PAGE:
With many services, when you buy a single episode of a TV programme to try it out, buying the whole season means paying full price and buying all the episodes again, even if you already own the first one or two. iTunes does things differently. Its Complete My Season tool lets you buy the rest of a season for a discounted price. Buying two £2.49 episodes of a £19.99, 23-episode season of Brooklyn Nine-Nine netted us a handy £4.98 discount on the cost of the full season. What’s more, Complete My Season acts in the same way as buying a full season, meaning you get all the bonus features that come with the series, such as interviews with the cast. 

Bonus features are also available when you buy films. These DVD extras-style features, which come under the iTunes Extras label, are only available if you buy a film outright in HD. This is a rare thing in the UK and elevates iTunes well above its rivals for film buffs who want all the behind-the-scenes footage they can find.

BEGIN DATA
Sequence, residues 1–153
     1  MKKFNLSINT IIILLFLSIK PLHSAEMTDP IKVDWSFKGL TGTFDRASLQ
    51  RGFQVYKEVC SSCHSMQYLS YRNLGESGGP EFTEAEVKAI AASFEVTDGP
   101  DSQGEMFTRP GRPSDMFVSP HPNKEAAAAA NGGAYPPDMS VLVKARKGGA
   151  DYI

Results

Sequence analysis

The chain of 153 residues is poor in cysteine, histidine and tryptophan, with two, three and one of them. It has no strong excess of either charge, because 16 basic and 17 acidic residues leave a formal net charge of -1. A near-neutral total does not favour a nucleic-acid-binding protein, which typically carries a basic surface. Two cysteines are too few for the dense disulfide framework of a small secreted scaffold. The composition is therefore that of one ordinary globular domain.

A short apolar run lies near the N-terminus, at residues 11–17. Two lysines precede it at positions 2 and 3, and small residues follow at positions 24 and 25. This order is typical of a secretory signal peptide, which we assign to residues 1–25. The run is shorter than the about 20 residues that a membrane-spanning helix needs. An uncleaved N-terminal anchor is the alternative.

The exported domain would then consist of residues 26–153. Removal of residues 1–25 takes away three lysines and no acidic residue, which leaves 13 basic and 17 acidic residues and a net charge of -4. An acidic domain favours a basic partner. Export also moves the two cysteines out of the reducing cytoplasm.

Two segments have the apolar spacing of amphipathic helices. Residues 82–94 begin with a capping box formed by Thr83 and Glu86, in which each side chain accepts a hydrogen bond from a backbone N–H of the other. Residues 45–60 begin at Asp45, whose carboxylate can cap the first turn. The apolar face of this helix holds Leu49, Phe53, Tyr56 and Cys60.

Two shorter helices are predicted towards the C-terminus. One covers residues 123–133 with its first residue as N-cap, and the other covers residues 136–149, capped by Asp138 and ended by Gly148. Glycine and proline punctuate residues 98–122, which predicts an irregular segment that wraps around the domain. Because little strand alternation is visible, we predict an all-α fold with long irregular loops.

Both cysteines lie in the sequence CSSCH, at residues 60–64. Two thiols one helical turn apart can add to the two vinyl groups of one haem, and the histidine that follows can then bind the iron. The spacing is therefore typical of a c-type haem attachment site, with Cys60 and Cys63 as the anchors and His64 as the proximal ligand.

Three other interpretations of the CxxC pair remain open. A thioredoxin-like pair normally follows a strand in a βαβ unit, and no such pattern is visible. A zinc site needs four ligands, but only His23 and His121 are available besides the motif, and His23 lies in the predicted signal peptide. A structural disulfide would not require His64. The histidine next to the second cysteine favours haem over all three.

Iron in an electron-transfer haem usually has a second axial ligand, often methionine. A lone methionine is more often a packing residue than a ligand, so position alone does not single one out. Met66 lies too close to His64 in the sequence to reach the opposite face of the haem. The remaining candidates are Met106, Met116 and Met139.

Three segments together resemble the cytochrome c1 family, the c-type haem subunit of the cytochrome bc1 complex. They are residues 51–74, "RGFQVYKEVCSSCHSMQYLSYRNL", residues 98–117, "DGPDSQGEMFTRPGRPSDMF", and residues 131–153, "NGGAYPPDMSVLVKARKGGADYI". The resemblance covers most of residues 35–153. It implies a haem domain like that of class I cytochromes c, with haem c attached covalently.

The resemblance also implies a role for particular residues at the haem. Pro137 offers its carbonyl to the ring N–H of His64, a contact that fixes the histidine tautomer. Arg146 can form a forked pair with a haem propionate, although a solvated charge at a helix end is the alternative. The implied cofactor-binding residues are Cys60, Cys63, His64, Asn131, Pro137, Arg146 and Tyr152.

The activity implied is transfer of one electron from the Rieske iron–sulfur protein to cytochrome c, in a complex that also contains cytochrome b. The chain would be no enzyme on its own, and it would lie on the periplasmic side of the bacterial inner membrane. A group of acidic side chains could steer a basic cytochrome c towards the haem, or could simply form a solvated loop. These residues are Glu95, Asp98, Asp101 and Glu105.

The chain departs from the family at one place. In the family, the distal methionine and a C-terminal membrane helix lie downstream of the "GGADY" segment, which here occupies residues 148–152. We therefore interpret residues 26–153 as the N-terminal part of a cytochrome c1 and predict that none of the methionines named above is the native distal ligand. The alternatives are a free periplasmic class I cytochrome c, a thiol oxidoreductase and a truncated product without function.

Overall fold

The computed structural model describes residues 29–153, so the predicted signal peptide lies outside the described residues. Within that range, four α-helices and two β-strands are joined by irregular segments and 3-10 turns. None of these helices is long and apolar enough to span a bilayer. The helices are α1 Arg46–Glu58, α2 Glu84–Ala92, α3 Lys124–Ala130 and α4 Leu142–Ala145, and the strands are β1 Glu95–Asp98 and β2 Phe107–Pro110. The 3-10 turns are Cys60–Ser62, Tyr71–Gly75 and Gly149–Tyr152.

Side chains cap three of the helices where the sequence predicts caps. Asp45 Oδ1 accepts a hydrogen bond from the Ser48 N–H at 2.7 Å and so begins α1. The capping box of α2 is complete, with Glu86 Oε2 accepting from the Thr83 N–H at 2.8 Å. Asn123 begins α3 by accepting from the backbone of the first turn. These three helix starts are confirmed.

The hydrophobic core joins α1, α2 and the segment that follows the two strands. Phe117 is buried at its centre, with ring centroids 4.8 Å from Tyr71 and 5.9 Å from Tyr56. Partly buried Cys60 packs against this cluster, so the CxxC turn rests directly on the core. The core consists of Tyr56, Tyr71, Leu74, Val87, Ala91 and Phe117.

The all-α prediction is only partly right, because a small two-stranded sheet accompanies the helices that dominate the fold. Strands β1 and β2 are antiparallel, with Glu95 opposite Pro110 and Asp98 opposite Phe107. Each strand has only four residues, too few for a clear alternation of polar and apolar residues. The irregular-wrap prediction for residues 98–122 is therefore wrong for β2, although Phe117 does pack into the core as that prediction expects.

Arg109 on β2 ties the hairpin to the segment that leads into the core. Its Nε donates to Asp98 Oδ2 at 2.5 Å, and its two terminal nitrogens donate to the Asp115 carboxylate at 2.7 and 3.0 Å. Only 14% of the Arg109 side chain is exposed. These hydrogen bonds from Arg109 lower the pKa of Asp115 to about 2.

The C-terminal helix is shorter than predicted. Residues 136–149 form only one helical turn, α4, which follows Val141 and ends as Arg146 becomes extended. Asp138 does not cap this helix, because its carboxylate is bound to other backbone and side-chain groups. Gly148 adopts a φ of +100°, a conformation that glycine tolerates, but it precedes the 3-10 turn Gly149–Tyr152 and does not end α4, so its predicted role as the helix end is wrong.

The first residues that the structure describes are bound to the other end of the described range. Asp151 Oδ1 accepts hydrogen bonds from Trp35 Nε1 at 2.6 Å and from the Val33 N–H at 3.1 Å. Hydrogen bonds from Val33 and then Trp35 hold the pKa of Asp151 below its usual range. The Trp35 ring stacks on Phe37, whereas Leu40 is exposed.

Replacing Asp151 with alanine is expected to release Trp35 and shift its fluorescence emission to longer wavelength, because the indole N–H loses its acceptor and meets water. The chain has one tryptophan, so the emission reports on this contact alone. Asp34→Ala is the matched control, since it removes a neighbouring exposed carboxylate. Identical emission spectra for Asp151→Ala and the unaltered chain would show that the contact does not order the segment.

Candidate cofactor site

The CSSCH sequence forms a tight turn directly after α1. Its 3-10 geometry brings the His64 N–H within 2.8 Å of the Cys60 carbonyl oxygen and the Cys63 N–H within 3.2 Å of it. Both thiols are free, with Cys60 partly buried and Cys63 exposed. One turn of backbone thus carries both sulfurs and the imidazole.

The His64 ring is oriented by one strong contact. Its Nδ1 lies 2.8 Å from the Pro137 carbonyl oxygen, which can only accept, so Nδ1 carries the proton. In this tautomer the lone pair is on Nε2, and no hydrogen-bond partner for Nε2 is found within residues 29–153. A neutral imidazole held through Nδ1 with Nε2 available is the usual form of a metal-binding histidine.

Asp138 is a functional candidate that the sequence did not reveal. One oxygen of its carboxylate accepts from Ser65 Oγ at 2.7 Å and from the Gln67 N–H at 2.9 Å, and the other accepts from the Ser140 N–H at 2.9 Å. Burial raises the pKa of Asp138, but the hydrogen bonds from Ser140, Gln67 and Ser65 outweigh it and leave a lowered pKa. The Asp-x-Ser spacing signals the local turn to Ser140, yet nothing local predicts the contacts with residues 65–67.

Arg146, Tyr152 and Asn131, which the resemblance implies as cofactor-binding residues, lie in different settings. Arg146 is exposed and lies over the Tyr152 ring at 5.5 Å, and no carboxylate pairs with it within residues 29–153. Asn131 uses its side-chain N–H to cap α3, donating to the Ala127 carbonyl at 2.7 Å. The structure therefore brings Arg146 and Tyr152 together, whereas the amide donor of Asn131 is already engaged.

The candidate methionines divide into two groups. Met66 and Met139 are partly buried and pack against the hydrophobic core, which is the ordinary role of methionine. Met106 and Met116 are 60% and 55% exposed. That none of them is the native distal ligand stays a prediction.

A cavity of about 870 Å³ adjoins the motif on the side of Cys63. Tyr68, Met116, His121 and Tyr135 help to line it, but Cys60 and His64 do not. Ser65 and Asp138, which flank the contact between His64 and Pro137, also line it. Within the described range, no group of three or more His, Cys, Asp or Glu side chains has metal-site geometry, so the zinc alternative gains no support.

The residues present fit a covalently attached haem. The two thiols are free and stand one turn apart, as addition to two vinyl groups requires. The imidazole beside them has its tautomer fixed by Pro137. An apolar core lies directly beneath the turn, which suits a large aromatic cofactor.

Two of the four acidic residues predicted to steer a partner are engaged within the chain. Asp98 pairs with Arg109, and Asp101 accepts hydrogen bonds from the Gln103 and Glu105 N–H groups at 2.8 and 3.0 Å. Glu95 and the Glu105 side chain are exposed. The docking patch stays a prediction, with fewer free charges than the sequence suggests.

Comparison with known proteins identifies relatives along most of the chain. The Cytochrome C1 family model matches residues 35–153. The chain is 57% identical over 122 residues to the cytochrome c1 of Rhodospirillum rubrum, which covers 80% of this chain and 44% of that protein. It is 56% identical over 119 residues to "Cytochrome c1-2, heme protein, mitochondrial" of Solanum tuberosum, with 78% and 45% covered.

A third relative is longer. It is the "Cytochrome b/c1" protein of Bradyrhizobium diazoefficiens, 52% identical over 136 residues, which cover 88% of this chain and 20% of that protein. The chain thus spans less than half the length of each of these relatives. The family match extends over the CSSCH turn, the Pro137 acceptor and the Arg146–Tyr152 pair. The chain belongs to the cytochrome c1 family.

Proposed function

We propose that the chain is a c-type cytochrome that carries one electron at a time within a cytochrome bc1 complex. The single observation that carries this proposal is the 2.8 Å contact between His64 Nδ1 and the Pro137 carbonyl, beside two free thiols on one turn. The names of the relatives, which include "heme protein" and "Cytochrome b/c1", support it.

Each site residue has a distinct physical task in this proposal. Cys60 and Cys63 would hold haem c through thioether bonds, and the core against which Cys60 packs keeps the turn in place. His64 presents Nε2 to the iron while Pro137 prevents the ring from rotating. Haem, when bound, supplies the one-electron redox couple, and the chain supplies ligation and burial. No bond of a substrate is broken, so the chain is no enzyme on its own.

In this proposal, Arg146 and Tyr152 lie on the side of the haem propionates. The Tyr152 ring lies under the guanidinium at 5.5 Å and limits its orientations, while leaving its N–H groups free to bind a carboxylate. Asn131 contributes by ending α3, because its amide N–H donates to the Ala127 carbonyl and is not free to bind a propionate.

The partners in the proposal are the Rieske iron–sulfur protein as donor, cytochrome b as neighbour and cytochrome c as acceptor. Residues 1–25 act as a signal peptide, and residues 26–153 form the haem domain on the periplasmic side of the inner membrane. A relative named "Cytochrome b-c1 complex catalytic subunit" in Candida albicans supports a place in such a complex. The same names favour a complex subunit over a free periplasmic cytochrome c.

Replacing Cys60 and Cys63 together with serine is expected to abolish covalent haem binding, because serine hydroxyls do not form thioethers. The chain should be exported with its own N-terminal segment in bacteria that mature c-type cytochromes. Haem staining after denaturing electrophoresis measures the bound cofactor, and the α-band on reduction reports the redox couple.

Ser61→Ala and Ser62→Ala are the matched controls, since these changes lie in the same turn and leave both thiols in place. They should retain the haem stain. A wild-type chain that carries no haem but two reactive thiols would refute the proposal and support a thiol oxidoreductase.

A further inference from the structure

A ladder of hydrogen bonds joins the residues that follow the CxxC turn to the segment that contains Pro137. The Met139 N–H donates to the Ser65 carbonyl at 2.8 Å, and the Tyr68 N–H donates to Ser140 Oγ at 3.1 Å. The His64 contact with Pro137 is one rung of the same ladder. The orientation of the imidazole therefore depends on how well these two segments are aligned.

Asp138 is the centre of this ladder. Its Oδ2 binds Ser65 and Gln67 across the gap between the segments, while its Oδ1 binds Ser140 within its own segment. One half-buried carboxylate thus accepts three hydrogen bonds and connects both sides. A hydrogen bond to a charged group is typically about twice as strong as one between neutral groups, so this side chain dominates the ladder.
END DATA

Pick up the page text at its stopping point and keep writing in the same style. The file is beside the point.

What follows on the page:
TV programmes and films are available in SD and HD, with 720p and 1080p options available, and it’s up to you what quality you download on the PC and Mac versions of iTunes. If you download a rented film in 720p you can’t then re-download in 1080p, so make sure you set up iTunes correctly (see below). Subtitles are available in multiple languages, and Dolby 5.1 surround sound is also present.

Video quality

In Full HD, iTunes gets fairly close to Blu-ray quality, although in our two blown-up comparison images below, the slight differences are quite clear. Contrast is slightly worse, with subtle shades on Benedict Cumberbatch’s face and clothing appearing less obvious on the iTunes version. Colours look a little more saturated, but as a result look slightly less natural. 

Still, the fact that iTunes offers Full HD quality is a huge selling point, and for convenience you can’t beat it. 

Click on either of the images below for a larger view.


You’ll find iTunes on iOS devices and on Windows and Apple TVs. The experience on each is very good, although it must be said that even after 14 years of availability, the Windows version still feels just a little bit clunky and resource-heavy, even on faster computers. We’ve also found that rented films can exhibit jerky panning on the Windows version of iTunes, depending on your hardware; pans on a Core i5-based Intel NUC were jerky in our testing, for example, but fine on a PC with a dedicated Nvidia GTX 760 graphics card.